Gabriel Jeantet

From Metapedia
Jump to: navigation, search
Unbalanced-scales.jpg
This section or article contains text from Wikipedia which has not yet been processed. It is thus likely to contain material which does not comply with the Metapedia guide lines. You can help Metapedia by editing the article and cleaning it from bias and inappropriate wordings.

Gabriel Jeantet (1906-1978) was a French nationalistic activist, journalist and polemicist. Active before, during and after the Second World War, Jeantet's links to Francois Mitterrand became a source of controversy during the latter's Presidency. His brother Claude Jeantet was also a nationalistic activist.

La Cagoule

Jeantet's early political involvement was with the ultra-conservative Action Française and he served as a student leader for this group.[1] He joined La Cagoule when the movement was established, citing his fear of an imminent communist revolution as the main reason for his decision to join.[2]

As the group's main theoretic writer during its existence, Jeantet sought to steer the group towards a socialist economic position, arguing in 1942 in favour of a "national and socilaist revolution" similar to that associated with Strasserism. This was despite the fact that Jeantet was fully aware of La Cagoule being funded by wealthy industrialists such as Jacques Lemaigre-Dubreuil and Louis Renault, all of whom despised the concept of socialism.[3] Ultimately Jeantet and La Cagoule leader Eugène Deloncle came to endorse a form of national syndicalism in which corporatist trade unions involving workers and management would be central to a planned economy.[4]

As well as his extensive writing on behalf of La Cagoule Jeantet also played a leading in gun-running for the organisation, smuggling weapons into France from like-minded groups Fascist Italy and Nationalist Spain, as well as Belgium and Switzerland.[5]

During the war

Following the Battle of France and the establishment of the Vichy Regime Jeantet, who became a supporter of collaboration with the National Socialists, was brought into Philippe Pétain's government as inspecteur général à la propagande.[6] However when his initial enthusiasm for collaboration waned, due in large part to the high degree of control exercised by the occupying Germans, Jeantet followed the lead of Deloncle in resigning from the Vichy government in 1942. He would later make contact with the French Resistance, such was his disillusionment with National Socialistsm.[7]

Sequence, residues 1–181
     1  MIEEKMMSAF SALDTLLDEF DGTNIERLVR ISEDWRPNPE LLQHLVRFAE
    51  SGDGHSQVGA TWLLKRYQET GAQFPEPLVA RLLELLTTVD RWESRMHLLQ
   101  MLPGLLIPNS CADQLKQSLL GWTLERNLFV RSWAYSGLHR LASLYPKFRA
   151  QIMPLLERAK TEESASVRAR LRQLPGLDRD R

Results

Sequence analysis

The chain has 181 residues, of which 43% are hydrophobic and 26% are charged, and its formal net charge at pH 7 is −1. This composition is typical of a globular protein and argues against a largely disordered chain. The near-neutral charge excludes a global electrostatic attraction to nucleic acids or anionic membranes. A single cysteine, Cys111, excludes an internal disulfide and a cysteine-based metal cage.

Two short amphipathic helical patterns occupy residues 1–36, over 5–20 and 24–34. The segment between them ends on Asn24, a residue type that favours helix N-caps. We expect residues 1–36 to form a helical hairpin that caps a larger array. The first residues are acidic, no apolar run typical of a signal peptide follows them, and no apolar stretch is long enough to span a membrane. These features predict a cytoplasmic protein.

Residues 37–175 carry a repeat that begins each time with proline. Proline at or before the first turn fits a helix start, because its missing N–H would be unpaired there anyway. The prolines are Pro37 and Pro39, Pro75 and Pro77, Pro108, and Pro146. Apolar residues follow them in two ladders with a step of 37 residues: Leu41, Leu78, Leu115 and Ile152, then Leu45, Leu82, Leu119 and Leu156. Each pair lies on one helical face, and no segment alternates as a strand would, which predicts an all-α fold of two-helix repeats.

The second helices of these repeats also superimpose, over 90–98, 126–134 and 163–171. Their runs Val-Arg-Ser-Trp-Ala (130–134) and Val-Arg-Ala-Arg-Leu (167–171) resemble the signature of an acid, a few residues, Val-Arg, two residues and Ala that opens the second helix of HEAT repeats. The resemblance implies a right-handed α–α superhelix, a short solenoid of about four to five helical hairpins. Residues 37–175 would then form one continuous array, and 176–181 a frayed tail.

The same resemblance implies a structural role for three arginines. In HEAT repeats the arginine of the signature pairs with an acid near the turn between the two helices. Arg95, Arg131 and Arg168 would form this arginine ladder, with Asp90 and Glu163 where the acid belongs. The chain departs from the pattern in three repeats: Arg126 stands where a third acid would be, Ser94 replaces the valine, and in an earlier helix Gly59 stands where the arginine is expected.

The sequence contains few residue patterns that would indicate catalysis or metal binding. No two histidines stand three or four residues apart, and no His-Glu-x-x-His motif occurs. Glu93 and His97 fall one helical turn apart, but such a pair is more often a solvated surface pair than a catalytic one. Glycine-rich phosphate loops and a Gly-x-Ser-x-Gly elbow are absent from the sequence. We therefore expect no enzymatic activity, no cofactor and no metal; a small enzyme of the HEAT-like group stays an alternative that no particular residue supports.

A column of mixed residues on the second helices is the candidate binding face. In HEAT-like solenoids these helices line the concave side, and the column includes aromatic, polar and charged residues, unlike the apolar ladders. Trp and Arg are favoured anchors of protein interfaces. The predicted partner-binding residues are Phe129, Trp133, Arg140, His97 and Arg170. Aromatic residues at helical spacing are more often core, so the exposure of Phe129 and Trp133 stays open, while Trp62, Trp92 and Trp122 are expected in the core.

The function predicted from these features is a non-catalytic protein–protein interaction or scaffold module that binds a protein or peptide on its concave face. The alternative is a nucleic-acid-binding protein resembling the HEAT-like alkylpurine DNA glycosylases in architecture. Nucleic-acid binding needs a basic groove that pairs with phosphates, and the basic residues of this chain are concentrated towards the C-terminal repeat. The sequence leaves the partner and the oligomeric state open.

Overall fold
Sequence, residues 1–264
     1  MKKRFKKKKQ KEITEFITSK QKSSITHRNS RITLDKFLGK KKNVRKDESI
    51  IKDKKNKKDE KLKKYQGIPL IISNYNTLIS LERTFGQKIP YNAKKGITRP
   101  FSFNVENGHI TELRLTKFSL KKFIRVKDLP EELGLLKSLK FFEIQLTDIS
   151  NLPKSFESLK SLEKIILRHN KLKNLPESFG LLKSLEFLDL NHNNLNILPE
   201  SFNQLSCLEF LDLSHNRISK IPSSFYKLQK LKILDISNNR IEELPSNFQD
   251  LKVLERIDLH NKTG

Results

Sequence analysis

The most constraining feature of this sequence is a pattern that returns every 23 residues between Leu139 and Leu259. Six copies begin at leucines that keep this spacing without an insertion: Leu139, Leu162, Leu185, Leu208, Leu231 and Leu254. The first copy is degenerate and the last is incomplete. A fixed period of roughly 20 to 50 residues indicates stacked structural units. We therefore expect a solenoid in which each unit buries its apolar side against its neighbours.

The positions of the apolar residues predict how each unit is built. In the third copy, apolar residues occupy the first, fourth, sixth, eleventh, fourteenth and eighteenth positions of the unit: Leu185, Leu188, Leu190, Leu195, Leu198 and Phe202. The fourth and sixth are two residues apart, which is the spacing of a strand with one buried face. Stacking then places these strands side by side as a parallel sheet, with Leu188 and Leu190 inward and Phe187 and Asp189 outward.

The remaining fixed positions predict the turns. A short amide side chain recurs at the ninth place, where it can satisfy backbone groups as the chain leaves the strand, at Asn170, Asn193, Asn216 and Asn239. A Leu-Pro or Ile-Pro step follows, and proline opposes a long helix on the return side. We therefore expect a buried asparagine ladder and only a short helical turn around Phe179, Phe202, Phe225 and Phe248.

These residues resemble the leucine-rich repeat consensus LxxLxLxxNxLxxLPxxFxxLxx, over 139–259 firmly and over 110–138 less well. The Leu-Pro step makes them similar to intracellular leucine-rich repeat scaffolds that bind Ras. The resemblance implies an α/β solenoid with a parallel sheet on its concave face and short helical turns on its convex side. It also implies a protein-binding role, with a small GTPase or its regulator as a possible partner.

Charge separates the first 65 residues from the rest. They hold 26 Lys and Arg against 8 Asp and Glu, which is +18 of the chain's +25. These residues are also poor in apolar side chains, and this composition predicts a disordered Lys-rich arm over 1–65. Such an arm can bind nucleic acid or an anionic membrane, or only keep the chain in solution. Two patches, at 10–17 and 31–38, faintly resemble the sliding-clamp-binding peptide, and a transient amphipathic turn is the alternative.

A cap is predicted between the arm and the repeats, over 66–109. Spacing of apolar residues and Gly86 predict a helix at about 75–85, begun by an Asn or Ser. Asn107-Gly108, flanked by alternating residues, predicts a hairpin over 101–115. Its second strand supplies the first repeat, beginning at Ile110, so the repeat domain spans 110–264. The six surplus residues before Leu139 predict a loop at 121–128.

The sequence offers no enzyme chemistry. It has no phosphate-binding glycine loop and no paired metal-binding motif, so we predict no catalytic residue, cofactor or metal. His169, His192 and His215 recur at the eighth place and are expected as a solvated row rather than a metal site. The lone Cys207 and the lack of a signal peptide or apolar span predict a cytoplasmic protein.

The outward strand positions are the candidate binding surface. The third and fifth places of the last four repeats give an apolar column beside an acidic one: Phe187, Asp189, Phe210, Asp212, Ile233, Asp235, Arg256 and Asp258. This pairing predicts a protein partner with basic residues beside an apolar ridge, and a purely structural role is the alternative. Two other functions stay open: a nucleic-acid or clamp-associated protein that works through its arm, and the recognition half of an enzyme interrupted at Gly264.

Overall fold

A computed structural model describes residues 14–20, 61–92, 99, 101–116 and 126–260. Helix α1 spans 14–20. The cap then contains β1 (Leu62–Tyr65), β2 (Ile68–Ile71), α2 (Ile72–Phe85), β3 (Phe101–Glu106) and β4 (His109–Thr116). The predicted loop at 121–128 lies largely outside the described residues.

Relationship to Mitterrand

Francois Mitterrand, who had been a minor functionary under Vichy, maintained a life-long friendship with Jeantet even during his Presidency.[8] Mitterrand had even written for Jeantet's journal France: Revue de l'Etat Nouveau during the war, a fact that would later be used against Mitterrand by his political opponents.[9] The journal was particularly noted for its strong anti-Semitic articles, although Mitterrand's own piece was decidedly innocuous in terms of content.[10] Jeantet was also one of two nominees, the other being Simon Arbellot, who put forward Mitterrand's name for the Ordre de la francisque medal in 1943.[11]

Post-war activity

In 1948 Jeantet was arrested along with a number of other surviving members of La Cagoule and stood trial on charges relating to a plot by the organisation to set a series of bombs off in Paris in 1937. It was during this trial that Jeantet revealed the extent to which leading figures in French industry, many of whom continued to dominate post-war France, had been involved in providing the movement with financial support.[12]

During the late 1960s Jeantet was involved in the formation of the far-right umbrella group Ordre Nouveau. At the movement's foundation in 1969 he was appointed to the group's national council along with Henry Charbonneau, with the two veterans serving as "mentors" to the new group.[13] By the 1970s Jeantet had become associated with a group of former Ordre Nouveau activists known as the Faire Front and he was a founder member in 1974 when this group transformed itself into the Party of New Forces.[14]

References

  1. Kenneth Mouré & Martin S. Alexander, Crisis and Renewal in France, 1918-1962, Berghahn Books, 2002, p. 88
  2. Robert Soucy, French Fascism: The Second Wave, 1933-1939, Yale University Press, 1995, p. 50
  3. Soucy, French Fascism, p. 51
  4. Soucy, French Fascism, p. 52
  5. Mouré & Alexander, Crisis and Renewal in France, p. 90
  6. Herman Roodenburg, Social Control in Europe, Volume 2, Ohio State University Press, 2004, p. 314
  7. Soucy, French Fascism, p. 53
  8. Michael Curtis, Verdict on Vichy, Phoenix, 2003, p. 252
  9. Éric Conan, Henry Rousso, Vichy: An Ever-Present Past, UPNE, 1998, p. 137
  10. John J. Michalczyk, Resisters, Rescuers, and Refugees: Historical and Ethical Issues, Rowman & Littlefield, 1997, pp. 11-12
  11. David Scott Bell, François Mitterrand: A Political Biography, Polity, 2005, p. 14
  12. Herbert R. Lottman, The Michelin Men: Driving an Empire, I.B.Tauris, 2003, pp. 200-202
  13. James Shields, The Extreme Right in France: From Pétain to Le Pen, Routledge, 2007, p. 159
  14. Shields, The Extreme Right in France, p. 178